The Ibovespa rose the most among the world’s biggest equity benchmarks after the Federal Reserve unexpectedly maintained the pace of a U.S. stimulus program that has boosted demand for emerging-market assets.
Brazilian homebuilders including Rossi Residencial SA and Gafisa SA rallied as traders pared bets for higher borrowing costs in Latin America’s largest economy. Steelmaker Usinas Siderurgicas de Minas Gerais SA jumped the most in a month as commodities rallied.
The Ibovespa rose 2.6 percent to 55,702.90 at the close in Sao Paulo after earlier falling as much as 0.5 percent. It was the best performance among 94 stock gauges tracked by Bloomberg globally, followed by Argentina’s Merval and Mexico’s IPC. The real jumped 2.9 percent to 2.1920 per dollar at 5:17 p.m. local time. Commodities rose as the Fed refrained from reducing the $85 billion pace of monthly bond buying, saying it needs more evidence of improvement in the economy.
“The Fed’s decision means that liquidity will remain high in global markets, which is positive for the Ibovespa and the real,” Fausto Gouveia, who helps manage about 440 million reais of assets at Legan Administracao, said in a phone interview from Sao Paulo. “Most people were expecting that the Fed would announce a reduction in the bond-buying program. Since that didn’t happen, there’s a short-term correction.”
Economists surveyed by Bloomberg had forecast the Federal Open Market Committee would dial down monthly Treasury purchases by $5 billion, to $40 billion, while maintaining its buying of mortgage-backed securities at $40 billion. There needs to be a “substantial improvement in outlook for labor market” before the Fed starts scaling back monetary stimulus, Chairman Ben S. Bernanke said at a press conference in Washington after the FOMC meeting.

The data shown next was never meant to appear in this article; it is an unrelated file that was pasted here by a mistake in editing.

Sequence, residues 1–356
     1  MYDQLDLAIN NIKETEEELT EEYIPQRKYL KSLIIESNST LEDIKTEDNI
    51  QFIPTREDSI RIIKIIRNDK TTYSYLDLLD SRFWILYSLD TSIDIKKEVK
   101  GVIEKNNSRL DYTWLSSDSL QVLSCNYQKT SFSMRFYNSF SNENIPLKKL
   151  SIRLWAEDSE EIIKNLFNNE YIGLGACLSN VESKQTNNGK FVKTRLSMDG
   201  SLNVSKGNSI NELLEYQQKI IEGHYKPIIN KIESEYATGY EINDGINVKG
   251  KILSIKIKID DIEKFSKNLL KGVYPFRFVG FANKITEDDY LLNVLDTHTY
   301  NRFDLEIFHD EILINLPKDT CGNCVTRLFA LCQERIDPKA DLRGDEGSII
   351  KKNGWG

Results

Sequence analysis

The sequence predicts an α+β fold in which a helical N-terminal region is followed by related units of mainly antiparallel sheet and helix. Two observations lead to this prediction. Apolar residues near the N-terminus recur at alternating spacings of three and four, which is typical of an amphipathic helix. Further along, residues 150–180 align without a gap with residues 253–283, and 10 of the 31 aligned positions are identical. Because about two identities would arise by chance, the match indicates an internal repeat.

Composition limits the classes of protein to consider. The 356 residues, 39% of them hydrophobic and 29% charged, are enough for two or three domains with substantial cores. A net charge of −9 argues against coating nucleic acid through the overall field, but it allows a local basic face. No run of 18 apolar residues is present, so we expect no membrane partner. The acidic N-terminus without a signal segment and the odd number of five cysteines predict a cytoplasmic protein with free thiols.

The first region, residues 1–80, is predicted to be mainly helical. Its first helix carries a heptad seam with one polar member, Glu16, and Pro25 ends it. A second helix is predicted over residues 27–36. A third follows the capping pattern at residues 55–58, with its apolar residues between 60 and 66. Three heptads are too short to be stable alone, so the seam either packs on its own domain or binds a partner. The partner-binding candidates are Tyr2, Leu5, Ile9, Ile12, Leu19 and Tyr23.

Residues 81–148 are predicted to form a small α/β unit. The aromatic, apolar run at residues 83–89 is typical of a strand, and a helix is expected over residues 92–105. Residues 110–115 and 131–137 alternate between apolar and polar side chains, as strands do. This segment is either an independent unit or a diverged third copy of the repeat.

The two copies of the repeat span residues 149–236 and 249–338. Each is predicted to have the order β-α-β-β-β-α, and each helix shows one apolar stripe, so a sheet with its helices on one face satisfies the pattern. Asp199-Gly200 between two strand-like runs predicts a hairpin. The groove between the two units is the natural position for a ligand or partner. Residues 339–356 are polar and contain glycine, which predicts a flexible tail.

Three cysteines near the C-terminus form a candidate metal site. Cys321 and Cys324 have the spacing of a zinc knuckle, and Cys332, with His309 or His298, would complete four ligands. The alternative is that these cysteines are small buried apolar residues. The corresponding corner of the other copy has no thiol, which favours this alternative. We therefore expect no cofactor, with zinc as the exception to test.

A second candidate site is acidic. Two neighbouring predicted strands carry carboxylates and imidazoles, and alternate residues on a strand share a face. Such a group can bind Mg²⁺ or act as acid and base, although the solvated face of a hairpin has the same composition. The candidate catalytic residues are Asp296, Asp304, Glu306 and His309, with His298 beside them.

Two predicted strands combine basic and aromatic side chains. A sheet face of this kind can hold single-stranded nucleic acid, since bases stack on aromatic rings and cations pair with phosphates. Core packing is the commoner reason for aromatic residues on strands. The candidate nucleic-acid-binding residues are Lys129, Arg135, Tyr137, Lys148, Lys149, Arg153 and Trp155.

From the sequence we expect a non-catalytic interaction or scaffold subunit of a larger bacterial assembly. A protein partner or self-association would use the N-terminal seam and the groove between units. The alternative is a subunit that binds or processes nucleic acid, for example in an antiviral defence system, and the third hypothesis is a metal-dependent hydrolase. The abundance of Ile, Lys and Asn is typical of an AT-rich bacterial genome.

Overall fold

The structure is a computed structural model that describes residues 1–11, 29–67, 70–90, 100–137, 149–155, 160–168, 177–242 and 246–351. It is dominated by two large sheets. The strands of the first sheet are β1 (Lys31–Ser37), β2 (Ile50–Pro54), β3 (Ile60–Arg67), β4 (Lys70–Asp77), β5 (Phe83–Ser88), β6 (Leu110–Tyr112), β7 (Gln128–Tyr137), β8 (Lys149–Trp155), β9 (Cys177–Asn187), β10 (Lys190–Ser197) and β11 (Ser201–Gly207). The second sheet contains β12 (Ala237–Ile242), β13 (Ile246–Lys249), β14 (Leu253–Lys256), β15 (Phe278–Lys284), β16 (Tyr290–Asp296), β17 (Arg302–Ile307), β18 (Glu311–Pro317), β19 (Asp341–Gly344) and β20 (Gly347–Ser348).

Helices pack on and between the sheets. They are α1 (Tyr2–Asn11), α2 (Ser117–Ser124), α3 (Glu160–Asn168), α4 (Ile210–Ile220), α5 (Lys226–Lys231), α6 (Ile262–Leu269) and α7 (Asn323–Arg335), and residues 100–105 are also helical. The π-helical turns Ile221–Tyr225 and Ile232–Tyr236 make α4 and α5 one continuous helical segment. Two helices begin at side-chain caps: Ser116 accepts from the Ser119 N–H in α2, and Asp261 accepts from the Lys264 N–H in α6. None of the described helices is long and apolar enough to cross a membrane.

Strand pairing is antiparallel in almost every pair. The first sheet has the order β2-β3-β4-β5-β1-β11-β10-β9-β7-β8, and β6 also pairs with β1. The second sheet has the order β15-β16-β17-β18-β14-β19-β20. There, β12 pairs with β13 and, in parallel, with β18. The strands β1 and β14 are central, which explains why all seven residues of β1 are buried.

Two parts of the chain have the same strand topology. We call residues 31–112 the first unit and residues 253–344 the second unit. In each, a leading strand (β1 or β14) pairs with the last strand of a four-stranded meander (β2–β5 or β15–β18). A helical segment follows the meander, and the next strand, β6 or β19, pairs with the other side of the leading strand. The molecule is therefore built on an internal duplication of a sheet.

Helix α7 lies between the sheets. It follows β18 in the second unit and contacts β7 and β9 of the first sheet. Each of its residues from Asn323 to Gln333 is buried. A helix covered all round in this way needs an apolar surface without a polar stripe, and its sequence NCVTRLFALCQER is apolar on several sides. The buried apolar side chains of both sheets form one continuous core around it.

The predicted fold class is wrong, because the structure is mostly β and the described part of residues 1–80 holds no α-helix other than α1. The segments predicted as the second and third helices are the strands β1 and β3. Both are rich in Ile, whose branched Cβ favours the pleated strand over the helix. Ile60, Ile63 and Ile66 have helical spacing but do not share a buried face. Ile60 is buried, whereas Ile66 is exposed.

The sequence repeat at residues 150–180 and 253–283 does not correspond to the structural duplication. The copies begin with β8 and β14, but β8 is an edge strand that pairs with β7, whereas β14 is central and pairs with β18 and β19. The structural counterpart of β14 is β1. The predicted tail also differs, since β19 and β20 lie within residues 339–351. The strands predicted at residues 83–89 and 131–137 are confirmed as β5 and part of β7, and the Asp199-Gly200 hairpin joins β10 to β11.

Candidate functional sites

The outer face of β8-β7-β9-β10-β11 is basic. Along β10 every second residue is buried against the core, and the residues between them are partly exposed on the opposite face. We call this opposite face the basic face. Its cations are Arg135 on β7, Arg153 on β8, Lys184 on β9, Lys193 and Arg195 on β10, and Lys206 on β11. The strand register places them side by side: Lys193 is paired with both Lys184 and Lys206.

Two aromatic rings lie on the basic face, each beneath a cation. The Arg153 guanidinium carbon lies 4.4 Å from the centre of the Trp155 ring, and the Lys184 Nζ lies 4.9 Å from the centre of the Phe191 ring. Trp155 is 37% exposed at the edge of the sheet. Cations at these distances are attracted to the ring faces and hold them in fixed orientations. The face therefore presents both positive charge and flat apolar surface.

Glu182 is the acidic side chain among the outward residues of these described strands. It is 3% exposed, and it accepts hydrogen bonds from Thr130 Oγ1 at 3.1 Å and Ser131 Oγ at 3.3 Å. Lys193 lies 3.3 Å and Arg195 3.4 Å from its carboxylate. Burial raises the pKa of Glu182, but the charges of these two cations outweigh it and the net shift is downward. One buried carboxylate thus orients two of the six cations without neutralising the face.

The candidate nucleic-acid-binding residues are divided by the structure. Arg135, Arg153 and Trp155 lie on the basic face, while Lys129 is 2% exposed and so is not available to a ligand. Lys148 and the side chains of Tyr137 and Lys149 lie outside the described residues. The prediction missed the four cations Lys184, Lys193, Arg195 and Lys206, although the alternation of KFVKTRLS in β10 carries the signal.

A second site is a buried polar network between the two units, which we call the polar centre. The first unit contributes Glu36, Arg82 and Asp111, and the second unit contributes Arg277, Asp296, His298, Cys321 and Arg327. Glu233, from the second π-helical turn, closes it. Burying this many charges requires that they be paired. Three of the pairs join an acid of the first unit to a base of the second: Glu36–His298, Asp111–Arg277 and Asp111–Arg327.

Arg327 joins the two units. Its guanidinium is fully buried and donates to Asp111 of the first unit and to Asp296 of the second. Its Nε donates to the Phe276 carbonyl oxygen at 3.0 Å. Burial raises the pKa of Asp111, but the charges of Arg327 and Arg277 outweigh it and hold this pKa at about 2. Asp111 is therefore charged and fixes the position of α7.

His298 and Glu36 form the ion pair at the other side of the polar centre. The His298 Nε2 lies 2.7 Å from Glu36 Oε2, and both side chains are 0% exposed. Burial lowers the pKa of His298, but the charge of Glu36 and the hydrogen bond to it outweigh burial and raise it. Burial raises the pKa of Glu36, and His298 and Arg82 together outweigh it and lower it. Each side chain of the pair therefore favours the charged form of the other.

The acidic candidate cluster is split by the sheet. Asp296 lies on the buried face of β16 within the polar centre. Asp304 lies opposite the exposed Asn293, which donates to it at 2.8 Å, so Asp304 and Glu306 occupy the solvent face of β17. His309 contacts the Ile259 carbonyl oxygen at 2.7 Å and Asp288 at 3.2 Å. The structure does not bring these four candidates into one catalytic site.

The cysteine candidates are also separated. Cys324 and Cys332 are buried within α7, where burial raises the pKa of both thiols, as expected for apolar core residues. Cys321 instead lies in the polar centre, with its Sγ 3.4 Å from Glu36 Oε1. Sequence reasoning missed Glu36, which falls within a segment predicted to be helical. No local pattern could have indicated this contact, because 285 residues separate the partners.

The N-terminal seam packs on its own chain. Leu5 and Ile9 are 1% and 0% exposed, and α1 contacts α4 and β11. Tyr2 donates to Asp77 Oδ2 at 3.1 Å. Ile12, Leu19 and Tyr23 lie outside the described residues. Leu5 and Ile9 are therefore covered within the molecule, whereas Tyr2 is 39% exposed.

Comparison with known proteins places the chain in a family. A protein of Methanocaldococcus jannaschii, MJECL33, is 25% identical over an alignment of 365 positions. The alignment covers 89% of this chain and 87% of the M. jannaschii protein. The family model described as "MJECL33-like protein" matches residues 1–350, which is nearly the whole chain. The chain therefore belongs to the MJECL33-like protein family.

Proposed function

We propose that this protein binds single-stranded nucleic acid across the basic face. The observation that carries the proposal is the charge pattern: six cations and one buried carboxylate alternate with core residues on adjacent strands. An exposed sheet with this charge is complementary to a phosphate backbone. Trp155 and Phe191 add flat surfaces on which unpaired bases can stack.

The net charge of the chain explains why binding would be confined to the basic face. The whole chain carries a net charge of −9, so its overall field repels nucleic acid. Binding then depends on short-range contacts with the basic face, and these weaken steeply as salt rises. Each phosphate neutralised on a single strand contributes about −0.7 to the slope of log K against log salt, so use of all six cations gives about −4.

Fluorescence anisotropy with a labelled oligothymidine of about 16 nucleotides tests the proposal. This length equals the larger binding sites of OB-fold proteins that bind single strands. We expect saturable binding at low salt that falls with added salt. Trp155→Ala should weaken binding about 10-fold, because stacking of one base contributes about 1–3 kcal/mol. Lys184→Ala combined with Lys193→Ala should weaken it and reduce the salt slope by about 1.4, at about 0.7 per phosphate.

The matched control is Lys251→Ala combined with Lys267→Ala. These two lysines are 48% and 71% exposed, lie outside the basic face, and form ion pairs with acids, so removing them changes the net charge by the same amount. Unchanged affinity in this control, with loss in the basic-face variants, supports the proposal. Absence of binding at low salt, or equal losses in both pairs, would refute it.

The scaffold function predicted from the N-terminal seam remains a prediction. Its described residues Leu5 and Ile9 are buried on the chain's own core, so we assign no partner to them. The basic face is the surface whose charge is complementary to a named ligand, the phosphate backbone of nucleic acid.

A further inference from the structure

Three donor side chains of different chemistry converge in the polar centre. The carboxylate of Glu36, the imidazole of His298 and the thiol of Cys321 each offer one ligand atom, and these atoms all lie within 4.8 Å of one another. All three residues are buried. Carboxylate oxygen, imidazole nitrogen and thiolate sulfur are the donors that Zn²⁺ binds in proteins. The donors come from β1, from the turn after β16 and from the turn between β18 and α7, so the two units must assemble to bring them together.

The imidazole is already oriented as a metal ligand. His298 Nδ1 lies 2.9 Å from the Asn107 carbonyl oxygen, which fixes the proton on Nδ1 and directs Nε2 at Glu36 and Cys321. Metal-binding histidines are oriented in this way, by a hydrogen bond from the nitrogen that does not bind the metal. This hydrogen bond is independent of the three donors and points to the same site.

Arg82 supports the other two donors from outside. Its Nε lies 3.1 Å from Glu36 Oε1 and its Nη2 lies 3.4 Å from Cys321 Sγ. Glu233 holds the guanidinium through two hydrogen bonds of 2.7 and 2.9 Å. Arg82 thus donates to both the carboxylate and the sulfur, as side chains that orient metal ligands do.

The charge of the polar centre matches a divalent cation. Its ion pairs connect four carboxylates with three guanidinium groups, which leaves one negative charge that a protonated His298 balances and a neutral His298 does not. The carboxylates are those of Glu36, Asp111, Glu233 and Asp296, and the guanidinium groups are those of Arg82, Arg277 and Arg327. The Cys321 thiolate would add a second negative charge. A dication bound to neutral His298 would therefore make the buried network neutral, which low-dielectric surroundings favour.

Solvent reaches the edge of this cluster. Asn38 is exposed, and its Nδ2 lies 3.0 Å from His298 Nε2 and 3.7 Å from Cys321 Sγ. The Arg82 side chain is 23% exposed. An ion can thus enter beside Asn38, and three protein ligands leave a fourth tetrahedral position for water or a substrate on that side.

“From the standpoint of emerging markets, it’s very bullish that the taper was postponed,” Walter “Bucky” Hellwig, who helps manage $17 billion at B&T Wealth Management in Birmingham, Alabama, said in a telephone interview. “It does provide liquidity to those markets.”
Rossi advanced 8.6 percent to 3.29 reais. Gafisa rose 6.2 percent to 3.80 reais. The BM&FBovespa Real Estate Index, which today advanced 3.4 percent, has tumbled 13 percent this year as Brazil’s central bank increased the benchmark lending rate by a total of 1.75 percentage points to 9 percent, the highest in Latin America, in an attempt to curb inflation.
The real extended to 11 percent its advance since Aug. 22, when Brazil’s central bank announced a $60 billion intervention program of currency swaps and foreign-exchange credit lines through December. Usiminas, as Usinas Siderurgicas de Minas Gerais is known, climbed 2.9 percent to 10.65 reais today.
The Standard & Poor’s GSCI Index of 24 raw materials rose 1.5 percent. The Bloomberg Base Metals 3-Month Price Commodity Index gained 1.2 percent. Commodity producers account for about 39 percent of the Ibovespa’s weighting.
Cia. Energetica de Minas Gerais fell 1 percent to 18.45 reais, and earlier tumbled as much as 4 percent, after O Estado de S.Paulo reported that Brazil plans to demand that electricity distributors with licenses expiring between 2015 and 2017 boost investment and meet targets for service quality when applying for a renewal. The newspaper cited an unidentified aide to President Dilma Rousseff.
Rousseff’s press office didn’t respond to a request from Bloomberg News seeking comment. The Mines and Energy Ministry said in a statement that the subject is being reviewed and no decision has been made yet.
The Ibovespa entered a bull market on Sept. 9 after rising 20 percent from this year’s low on July 3 through that day. The gauge is still down 17 percent in dollar terms this year, compared with a decline of 4.4 percent for the MSCI Emerging Markets Index of 21 developing nations’ equities.
Trading volume of stocks in Sao Paulo was 6.33 billion reais yesterday, compared with a daily average of 7.74 billion reais this year through Sept. 13, according to data compiled by the exchange.